For the first time in its five year history, CCP will receive the full funding requested by the Obama Administration – in the amount of $1.244 Billion. Whereas earlier markups by both the House and Senate had cut CCP funding to $1 Billion or below.

Under CCP awards announced by Bolden in September 2014, NASA had contracted Boeing to develop the CST-100 Starliner and SpaceX to develop the Crew Dragon.

Bolden had made it completely clear to Congress that any reduced funding would have forced NASA into slowing the program with another substantial delay in first launch now targeted for 2017, by renegotiating the CCP contracts with both Boeing and SpaceX and delaying completion of the required milestones.

“It would upend the investments we need to execute contracts with Boeing and SpaceX to return the launches of American astronauts to American soil and to do it by 2017,” wrote Bolden in his NASA blog.

NASA’a Planetary Sciences Division also gets a much earned and much needed big budget boost. The omnibus bill affords $1.631 billion for Planetary exploration. This amounts to an increase of some $270 million above the Obama administration’s request – which has repeatedly cut of one of NASA’s crown jewels.

Congress has had the good sense to save the long lived and very scientifically productive Opportunity MER rover and Lunar Reconnaissance Orbiter (LRO) missions from certain termination – due only to a ridiculous lack of money that was “zeroed out” by the White House.

The omnibus bill also appropriates $175 million for NASA planned mission to Jupiter’s moon Europa in the early 202os. It includes funding for both an orbiter and lander. Europa is a prime target in the search for life.

Stay tuned here for Ken’s continuing Earth and Planetary science and human spaceflight news.

Ken Kremer

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Earthrise Like You’ve Never Seen It Before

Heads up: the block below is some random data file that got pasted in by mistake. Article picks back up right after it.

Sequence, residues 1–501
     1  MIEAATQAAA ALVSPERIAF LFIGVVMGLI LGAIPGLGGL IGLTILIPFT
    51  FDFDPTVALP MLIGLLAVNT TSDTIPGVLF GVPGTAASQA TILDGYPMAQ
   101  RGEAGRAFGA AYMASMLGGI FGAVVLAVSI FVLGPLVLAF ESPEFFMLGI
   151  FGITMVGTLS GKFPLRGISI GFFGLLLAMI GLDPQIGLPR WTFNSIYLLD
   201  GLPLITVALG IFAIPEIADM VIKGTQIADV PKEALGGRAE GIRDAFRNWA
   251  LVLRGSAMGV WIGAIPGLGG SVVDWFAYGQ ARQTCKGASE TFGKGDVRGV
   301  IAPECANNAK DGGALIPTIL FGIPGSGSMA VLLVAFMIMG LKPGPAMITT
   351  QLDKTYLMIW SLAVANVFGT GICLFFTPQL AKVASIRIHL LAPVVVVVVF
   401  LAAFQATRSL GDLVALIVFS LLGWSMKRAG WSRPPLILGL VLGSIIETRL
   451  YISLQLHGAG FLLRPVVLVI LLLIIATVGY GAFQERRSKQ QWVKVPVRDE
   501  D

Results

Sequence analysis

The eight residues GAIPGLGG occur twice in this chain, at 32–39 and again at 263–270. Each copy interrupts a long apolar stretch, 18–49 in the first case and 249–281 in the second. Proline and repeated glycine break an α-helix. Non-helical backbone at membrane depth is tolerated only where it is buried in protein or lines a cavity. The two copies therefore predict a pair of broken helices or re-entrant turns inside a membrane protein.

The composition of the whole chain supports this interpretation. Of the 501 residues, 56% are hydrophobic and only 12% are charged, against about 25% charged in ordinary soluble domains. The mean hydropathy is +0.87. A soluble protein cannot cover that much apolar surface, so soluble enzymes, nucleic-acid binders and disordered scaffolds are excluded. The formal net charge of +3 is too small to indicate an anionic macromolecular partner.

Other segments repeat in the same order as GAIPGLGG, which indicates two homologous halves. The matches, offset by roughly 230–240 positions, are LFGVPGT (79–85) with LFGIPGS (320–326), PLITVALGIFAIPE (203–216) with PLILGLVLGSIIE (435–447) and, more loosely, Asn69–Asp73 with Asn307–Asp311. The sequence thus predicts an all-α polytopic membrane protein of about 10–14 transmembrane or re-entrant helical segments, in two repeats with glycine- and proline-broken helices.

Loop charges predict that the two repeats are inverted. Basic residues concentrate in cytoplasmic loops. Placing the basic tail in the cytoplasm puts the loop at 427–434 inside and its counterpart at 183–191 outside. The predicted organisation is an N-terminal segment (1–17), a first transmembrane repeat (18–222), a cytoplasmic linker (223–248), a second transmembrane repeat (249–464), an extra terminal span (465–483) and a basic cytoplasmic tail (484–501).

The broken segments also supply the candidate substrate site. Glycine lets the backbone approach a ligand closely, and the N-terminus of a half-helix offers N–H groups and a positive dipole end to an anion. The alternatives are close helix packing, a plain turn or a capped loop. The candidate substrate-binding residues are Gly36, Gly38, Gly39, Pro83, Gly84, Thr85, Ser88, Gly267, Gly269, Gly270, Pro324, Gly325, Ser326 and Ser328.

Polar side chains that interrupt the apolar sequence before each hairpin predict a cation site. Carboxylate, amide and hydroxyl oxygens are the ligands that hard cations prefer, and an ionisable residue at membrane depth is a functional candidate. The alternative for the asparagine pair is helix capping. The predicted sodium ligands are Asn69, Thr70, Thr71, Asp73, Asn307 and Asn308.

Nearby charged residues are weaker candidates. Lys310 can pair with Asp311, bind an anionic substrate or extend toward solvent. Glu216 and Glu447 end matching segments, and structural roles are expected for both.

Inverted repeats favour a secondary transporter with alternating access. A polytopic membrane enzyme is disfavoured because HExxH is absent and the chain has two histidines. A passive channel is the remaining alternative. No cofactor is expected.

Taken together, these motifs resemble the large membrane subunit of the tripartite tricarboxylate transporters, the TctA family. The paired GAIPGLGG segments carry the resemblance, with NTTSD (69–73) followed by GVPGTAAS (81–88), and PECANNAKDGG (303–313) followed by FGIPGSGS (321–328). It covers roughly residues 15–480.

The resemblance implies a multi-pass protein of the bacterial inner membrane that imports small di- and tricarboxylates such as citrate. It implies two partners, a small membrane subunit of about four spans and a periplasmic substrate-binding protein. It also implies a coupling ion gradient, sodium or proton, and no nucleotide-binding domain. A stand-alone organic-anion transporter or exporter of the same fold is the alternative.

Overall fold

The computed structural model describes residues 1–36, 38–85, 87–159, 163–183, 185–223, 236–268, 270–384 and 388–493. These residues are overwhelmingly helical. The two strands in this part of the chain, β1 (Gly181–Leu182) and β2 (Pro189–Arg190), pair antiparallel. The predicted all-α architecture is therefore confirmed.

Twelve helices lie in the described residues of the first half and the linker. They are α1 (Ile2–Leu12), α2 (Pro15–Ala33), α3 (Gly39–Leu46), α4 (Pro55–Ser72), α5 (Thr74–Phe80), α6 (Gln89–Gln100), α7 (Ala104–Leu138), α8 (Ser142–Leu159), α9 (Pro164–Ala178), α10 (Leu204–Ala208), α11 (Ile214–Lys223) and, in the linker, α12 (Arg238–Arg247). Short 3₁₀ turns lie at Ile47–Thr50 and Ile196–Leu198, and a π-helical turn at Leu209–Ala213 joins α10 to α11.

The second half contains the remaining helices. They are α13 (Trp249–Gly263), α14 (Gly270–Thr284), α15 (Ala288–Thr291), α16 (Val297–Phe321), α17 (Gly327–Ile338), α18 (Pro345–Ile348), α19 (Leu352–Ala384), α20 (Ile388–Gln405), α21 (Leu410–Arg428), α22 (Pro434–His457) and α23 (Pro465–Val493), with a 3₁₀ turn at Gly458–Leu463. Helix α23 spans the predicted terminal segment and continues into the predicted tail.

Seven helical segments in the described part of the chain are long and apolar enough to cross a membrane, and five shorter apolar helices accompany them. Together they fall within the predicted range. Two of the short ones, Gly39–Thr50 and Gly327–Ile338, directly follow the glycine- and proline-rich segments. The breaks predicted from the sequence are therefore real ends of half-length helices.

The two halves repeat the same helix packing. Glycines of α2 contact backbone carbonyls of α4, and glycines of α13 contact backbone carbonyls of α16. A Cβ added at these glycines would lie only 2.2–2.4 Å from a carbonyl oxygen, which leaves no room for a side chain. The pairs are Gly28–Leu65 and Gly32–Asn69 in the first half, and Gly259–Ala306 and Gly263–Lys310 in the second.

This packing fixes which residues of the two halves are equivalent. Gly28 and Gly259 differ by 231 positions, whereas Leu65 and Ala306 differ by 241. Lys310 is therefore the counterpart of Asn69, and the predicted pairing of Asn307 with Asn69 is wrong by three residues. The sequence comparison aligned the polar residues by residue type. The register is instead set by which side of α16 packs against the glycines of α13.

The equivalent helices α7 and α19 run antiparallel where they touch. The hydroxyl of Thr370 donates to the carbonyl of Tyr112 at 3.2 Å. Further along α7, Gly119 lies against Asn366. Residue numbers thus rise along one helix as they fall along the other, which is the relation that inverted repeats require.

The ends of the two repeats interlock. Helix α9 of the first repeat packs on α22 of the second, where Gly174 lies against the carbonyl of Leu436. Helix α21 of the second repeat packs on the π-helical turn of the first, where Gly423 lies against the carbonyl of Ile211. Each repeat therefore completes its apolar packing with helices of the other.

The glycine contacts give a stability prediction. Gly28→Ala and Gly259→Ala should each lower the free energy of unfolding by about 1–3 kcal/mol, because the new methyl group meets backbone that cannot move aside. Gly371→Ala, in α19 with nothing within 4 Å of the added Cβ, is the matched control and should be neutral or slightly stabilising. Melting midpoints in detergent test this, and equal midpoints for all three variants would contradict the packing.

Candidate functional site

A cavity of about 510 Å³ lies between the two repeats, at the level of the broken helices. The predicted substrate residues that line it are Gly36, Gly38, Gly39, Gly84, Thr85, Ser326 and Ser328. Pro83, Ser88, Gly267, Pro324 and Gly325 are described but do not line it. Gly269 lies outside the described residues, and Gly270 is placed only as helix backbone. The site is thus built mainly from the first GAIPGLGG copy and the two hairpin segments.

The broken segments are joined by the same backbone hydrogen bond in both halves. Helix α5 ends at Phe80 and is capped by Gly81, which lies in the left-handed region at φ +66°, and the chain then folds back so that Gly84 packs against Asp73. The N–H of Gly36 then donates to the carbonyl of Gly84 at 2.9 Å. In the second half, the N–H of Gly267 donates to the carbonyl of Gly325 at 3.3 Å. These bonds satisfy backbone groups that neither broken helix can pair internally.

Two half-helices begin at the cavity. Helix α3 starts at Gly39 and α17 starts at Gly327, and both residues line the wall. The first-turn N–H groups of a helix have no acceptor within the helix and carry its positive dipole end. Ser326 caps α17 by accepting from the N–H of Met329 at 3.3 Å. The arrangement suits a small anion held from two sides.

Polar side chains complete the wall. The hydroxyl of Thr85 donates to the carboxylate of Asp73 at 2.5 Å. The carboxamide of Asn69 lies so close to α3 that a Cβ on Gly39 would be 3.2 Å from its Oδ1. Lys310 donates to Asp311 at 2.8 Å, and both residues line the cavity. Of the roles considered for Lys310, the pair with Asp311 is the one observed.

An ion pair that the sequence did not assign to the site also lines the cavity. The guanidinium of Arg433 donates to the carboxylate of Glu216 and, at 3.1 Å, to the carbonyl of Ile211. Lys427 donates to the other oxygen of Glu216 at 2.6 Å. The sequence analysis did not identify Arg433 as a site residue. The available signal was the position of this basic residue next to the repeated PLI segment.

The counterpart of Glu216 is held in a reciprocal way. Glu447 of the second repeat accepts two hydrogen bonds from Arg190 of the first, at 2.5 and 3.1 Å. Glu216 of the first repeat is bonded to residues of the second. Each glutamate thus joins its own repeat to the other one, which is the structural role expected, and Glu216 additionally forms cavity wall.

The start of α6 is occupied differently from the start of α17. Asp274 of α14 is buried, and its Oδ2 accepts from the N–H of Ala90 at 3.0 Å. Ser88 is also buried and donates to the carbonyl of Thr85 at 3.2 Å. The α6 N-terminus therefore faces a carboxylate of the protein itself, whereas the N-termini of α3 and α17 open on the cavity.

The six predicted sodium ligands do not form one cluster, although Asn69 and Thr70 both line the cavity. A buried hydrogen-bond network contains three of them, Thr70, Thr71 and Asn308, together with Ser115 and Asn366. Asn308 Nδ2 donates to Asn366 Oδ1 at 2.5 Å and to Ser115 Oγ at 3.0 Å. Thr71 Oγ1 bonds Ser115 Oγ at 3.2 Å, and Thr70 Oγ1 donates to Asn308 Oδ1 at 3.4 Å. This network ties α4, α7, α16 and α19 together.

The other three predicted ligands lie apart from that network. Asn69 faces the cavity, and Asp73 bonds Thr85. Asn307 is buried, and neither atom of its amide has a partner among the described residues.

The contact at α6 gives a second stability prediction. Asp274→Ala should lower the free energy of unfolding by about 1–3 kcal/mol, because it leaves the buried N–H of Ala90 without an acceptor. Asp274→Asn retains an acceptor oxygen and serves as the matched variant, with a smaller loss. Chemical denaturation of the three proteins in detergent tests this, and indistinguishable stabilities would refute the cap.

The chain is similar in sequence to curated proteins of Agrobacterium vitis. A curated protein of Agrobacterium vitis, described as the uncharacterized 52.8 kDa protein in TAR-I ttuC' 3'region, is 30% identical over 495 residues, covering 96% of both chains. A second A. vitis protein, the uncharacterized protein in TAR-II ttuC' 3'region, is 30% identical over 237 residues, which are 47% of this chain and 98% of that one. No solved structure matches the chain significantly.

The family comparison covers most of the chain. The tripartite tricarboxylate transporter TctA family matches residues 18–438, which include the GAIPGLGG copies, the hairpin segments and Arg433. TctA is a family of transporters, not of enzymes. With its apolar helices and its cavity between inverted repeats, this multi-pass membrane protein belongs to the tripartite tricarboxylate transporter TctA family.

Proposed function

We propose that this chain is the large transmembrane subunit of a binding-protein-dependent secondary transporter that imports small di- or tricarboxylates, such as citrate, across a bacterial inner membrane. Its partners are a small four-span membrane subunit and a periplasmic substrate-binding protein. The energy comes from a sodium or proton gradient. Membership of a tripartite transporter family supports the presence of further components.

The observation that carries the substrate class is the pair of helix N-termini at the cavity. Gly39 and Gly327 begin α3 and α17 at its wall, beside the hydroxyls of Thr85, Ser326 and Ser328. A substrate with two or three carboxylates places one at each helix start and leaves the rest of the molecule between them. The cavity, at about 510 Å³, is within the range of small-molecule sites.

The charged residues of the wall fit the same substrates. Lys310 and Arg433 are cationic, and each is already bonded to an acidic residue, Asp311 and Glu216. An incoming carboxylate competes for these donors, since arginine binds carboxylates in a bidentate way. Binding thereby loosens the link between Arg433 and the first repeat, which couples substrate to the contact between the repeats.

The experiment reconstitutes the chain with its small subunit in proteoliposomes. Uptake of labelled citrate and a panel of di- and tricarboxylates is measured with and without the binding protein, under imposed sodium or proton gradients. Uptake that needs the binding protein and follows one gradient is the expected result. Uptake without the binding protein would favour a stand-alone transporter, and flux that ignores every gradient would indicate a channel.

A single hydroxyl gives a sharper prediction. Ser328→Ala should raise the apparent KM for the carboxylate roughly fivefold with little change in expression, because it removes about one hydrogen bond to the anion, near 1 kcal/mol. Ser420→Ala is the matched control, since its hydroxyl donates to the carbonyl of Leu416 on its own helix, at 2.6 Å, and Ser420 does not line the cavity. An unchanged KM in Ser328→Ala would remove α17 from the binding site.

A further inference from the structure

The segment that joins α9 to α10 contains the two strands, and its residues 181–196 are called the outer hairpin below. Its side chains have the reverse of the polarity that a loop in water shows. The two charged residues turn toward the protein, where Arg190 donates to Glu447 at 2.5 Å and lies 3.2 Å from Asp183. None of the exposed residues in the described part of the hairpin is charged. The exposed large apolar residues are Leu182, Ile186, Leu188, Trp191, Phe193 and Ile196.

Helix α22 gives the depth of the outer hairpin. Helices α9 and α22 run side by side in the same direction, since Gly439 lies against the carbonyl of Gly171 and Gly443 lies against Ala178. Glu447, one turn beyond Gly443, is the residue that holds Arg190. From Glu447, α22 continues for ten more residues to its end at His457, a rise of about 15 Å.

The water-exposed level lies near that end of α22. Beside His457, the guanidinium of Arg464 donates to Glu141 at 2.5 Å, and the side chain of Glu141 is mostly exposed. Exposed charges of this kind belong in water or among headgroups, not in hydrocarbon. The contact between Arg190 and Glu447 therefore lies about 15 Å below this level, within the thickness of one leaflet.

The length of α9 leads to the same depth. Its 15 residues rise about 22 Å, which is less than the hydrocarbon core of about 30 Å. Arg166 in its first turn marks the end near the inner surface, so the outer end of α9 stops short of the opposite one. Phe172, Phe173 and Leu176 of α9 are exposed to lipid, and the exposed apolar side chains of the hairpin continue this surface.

The Earth straddling the limb of the Moon, as seen from above Compton crater on the lunar farside, taken by the Lunar Reconnaissance Orbiter spacecraft. The large tan area in the upper right of Earth is the Sahara desert, and just beyond is Saudia Arabia. The Atlantic and Pacific coasts of South America are visible to the left. Credit: NASA/GSFC/Arizona State University.

Nearly 47 years ago, the crew of Apollo 8 took an image of planet Earth from the Moon that has been called “the most influential environmental photograph ever taken.” Called “Earthrise,” the picture represented the first time human eyes saw their homeworld come into view around another planetary body.

Now, the Lunar Reconnaissance Orbiter (LRO) has captured stunning new high-definition views of Earth and the Moon from the spacecraft’s vantage point in lunar orbit.

This is a composite view, with Earth appearing to rise over the horizon of the lunar farside. The image is composed from a series of pictures taken on Oct. 12, 2015 when LRO was about 83 miles (134 kilometers) above the moon’s farside Compton crater.

Taking this image was actually a complicated task for the LRO team. Mark Robinson, the principal investigator for LROC camera explained:

First the spacecraft must be rolled to the side (in this case 67°), then the spacecraft slews with the direction of travel to maximize the width of the lunar horizon in the NAC (Narrow Angle Camera) image. All this takes place while LRO is traveling over 1,600 meters per second (faster than 3,580 mph) relative to the lunar surface below the spacecraft! As a result of these three motions and the fact that the Narrow Angle Camera is a line scanner the raw image geometry is distorted. Also, because the Moon and Earth are so far apart, the geometric correction is different for each body. Reconstruction of the Earth-Moon image is not a simple matter – and that is just to get the black and white image!